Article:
What I try to emphasize for my congregation quite a bit is that while ritual is very important, in our tradition, the importance of the story is equally important. And I think the pastor will agree on that. It's the story of Jesus. It's the story of the Exodus from Egypt. And it's also the story of disciples who down through the centuries have explored, studied, used ritual and used their imagination to keep that story going for the next generation. It is not lost upon me as we're recording this, that tonight we begin Yom HaShoah, which is Holocaust Remembrance Day, and Jews were able to remember the exodus from Egypt, even in the concentration camps.
Now, obviously they didn't have the provisions we had in front of us. And yet, they passionately, vibrantly and with a great deal of enthusiasm, celebrated even in the most horrible of conditions. What I told my congregation is they were able to tell the story and their stories that we now have through the memories of survivors, become powerful reminders of how religion is maintained, even under the most adverse situations. The very fact that we can't take communion fully, the very fact that we can't celebrate Passover fully, adds to the fabric of the telling of the religious stories that are meaningful. So the stories of 2020 will be part of the fabric of 2021, 2022, or 2023 where we'll be talking about, ‘Do you remember what we did and how we kept the traditions of our people going?’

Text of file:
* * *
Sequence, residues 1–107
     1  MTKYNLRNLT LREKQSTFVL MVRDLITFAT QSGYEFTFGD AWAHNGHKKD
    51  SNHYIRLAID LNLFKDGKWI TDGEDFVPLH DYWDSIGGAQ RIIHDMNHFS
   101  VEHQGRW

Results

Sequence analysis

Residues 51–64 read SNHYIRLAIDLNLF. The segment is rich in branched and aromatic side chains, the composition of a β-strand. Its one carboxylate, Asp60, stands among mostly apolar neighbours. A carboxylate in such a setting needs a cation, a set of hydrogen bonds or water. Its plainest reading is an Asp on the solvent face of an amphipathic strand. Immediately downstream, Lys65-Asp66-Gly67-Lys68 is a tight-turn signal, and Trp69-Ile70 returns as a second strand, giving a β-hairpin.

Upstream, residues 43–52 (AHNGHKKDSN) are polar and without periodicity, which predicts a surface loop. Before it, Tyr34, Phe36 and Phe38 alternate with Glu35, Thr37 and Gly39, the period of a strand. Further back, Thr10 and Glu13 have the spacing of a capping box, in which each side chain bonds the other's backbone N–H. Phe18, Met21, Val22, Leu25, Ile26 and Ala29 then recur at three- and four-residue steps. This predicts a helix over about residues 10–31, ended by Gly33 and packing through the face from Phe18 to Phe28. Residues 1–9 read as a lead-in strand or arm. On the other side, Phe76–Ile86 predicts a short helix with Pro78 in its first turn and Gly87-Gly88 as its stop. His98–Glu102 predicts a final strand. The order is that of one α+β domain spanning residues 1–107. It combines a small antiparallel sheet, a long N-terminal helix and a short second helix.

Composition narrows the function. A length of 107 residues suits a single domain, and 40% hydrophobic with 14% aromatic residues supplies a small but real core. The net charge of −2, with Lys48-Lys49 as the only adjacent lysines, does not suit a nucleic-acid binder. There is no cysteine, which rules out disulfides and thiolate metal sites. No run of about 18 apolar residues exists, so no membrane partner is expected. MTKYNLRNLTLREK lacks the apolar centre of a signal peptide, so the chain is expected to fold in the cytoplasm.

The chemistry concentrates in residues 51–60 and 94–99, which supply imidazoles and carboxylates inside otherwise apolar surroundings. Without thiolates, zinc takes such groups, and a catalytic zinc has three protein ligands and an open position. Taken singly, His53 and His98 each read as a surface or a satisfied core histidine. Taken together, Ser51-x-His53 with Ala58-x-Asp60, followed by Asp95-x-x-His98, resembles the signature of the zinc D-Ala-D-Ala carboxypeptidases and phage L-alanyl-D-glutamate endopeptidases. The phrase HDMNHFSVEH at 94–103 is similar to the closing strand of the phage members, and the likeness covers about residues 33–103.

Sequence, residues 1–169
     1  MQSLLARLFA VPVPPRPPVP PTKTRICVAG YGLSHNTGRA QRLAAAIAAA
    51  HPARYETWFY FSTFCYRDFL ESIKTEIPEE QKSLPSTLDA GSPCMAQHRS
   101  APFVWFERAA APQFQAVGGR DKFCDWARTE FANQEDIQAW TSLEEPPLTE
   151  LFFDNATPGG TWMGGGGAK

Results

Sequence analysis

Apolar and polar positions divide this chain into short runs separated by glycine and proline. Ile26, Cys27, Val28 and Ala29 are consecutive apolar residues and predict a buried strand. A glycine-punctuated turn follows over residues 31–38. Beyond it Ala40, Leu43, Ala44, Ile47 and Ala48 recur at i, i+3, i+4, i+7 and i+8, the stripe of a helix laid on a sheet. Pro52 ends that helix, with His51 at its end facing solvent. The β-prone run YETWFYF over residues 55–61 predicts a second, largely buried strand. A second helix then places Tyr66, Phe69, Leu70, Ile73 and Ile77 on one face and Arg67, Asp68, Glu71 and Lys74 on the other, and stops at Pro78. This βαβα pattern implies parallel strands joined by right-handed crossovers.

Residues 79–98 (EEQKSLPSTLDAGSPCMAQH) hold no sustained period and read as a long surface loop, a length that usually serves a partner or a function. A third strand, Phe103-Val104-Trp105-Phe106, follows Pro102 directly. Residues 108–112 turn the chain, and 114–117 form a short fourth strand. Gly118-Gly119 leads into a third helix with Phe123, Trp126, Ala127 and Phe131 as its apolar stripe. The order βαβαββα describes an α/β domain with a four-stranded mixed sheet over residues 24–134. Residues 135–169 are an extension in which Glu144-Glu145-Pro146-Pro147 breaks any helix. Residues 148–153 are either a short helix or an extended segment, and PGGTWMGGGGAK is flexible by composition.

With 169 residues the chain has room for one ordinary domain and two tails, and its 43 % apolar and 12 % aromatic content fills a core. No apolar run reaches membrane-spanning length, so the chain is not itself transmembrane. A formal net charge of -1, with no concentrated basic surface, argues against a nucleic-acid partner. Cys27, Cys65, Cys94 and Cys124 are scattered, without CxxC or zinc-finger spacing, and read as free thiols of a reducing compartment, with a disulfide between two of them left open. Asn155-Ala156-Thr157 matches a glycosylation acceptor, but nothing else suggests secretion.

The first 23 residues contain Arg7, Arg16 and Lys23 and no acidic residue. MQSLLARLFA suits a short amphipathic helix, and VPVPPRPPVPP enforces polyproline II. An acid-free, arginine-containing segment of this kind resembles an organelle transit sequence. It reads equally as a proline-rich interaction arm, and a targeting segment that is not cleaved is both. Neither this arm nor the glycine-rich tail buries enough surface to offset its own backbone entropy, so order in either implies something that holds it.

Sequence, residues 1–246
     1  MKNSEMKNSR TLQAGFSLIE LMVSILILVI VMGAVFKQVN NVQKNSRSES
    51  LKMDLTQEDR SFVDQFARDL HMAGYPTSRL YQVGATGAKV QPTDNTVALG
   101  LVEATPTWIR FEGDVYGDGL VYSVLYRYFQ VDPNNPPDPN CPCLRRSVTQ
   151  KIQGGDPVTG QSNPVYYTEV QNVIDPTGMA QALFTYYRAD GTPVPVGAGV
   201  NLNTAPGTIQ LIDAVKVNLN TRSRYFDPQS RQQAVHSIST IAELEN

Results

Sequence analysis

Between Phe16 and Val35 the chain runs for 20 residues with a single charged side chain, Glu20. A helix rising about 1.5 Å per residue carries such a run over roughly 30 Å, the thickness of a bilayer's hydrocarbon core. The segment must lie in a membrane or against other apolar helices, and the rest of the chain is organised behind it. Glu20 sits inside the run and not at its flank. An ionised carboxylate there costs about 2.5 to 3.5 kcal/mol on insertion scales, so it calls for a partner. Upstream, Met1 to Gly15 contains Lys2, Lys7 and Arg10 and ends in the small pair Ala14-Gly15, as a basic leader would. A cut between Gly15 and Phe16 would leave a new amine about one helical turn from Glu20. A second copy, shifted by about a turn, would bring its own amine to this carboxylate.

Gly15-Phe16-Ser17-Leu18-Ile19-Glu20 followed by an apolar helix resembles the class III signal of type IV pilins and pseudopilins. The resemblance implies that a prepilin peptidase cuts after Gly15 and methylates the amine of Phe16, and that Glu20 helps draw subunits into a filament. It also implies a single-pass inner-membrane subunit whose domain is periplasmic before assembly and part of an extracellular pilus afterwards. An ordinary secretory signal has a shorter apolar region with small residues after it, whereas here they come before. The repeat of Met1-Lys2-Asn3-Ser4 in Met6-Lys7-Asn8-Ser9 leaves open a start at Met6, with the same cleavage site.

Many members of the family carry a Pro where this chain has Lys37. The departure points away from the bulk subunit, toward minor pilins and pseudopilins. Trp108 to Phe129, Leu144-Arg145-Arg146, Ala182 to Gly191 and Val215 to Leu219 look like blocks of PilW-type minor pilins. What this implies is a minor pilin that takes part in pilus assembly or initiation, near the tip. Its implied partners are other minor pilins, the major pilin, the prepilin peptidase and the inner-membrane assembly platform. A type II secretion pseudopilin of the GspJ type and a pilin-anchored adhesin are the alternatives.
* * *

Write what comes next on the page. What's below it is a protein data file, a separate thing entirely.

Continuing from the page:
And who knows, one day I will be, hopefully may I live and be well, telling my grandson who was too young to experience the Passover fully and didn't know what was going on, but I’ll say, ‘When you were just a baby, this is how we celebrated it in 2020.’ I know it sounds weird, but that's how important that celebration was to us. And we did some really interesting things. And those become part of his narrative that he will tell his children, God willing, one day about how his grandfather, a blessed memory, kept the tradition going.